Author(s): Soethoudt M, Peskin AV, Dickerhof N, Paton LN, Pace PE,
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Abstract The diterpenoid, adenanthin, represses tumor growth and prolongs survival in mouse promyelocytic leukemia models (Liu et al., Nat. Chem. Biol. 8, 486, 2012). It was proposed that this was done by inactivating peroxiredoxins (Prxs) 1 and 2 through the formation of an adduct specifically on the resolving Cys residue. We confirmed that adenanthin underwent Michael addition to isolated Prx2, thereby inhibiting oxidation to a disulfide-linked dimer. However, contrary to the original report, both the peroxidatic and the resolving Cys residues could be derivatized. Glutathione also formed an adenanthin adduct, reacting with a second-order rate constant of 25±5 M(-1) s(-1). With 50 µM adenanthin, the peroxidatic and resolving Cys of Prx2 reacted with half-times of 7 and 40 min, respectively, compared with 10 min for GSH. When erythrocytes or Jurkat T cells were treated with adenanthin, we saw no evidence for a reaction with Prxs 1 or 2. Instead, adenanthin caused time- and concentration-dependent loss of GSH followed by dimerization of the Prxs. Prxs undergo continuous oxidation in cells and are normally recycled by thioredoxin reductase and thioredoxin. Our results indicate that Prx reduction was inhibited. We observed rapid inhibition of purified thioredoxin reductase (half-time 5 min with 2 µM adenanthin) and in cells, thioredoxin reductase was much more sensitive than GSH and loss of both preceded accumulation of oxidized Prxs. Thus, adenanthin is not a specific Prx inhibitor, and its reported antitumor and anti-inflammatory effects are more likely to involve more general inhibition of thioredoxin and/or glutathione redox pathways. Copyright © 2014 Elsevier Inc. All rights reserved.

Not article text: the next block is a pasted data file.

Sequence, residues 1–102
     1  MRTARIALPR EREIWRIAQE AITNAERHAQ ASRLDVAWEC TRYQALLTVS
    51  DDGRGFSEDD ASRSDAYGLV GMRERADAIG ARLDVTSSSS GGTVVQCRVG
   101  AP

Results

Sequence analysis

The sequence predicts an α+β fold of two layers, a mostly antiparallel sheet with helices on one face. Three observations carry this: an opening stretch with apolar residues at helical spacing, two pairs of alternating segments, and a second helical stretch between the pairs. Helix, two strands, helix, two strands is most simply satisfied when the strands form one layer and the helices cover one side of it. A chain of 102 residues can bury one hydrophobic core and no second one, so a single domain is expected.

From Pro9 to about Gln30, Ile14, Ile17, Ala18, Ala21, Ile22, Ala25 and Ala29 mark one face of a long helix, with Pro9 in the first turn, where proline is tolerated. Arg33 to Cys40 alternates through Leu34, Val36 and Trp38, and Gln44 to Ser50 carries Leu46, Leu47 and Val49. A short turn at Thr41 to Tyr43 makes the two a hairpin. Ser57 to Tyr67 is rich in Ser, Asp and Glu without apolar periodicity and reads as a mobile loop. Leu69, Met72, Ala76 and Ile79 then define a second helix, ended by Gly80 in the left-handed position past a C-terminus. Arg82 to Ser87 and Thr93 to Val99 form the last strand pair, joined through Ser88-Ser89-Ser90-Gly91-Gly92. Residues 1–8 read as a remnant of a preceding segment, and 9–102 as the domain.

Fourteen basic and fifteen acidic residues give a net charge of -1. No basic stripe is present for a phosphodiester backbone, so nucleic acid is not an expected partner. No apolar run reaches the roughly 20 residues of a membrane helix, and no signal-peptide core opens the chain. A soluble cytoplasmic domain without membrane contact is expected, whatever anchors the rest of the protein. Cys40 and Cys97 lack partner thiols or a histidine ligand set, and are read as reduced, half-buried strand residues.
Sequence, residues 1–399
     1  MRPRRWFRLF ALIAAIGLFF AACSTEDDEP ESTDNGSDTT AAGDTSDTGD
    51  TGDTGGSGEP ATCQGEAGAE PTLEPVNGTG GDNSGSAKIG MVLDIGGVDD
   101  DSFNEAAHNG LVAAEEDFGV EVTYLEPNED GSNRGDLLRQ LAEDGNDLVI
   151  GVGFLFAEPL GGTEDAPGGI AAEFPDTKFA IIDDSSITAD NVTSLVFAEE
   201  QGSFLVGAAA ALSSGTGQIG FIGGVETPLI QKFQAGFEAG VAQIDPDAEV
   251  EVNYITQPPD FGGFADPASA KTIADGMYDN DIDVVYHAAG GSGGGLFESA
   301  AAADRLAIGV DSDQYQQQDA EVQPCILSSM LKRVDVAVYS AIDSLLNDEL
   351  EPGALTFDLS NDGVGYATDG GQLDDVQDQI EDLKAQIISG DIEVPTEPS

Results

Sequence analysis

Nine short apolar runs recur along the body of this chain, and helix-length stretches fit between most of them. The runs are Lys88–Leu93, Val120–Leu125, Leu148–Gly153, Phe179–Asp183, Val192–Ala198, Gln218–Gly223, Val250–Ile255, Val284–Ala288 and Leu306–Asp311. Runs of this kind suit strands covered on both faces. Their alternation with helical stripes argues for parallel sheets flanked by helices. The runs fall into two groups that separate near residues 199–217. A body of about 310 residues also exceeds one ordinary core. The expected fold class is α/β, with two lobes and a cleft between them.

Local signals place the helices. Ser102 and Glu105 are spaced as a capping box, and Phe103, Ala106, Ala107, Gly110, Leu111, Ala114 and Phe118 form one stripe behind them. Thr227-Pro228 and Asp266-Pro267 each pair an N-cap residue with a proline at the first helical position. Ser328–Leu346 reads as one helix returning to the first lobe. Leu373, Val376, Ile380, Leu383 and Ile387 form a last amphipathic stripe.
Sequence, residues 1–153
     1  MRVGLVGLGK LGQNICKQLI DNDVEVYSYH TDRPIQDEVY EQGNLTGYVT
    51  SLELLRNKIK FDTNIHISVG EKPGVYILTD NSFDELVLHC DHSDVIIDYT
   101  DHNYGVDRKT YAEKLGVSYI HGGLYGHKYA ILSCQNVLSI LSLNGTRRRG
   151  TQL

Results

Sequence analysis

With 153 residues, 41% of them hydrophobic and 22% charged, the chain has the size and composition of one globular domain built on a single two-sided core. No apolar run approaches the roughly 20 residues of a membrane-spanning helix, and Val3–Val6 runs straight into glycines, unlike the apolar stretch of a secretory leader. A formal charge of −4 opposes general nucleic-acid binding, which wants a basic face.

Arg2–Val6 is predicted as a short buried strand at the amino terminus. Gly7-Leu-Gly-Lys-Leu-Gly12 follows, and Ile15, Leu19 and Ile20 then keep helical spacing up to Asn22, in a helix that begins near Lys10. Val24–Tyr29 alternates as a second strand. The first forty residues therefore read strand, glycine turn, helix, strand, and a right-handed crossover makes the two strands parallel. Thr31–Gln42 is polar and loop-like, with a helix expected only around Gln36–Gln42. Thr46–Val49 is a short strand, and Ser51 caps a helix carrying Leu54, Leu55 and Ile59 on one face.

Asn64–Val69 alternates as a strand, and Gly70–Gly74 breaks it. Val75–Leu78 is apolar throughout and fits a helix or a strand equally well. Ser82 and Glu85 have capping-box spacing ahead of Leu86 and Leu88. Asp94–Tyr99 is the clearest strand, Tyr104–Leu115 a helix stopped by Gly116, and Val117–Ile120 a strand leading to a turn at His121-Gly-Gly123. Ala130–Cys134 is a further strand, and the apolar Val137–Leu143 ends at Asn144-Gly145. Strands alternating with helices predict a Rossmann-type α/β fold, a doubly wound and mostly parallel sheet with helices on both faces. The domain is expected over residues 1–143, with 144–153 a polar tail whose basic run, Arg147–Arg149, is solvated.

This article was published in Free Radic Biol Med
and referenced in Journal of Cell Signaling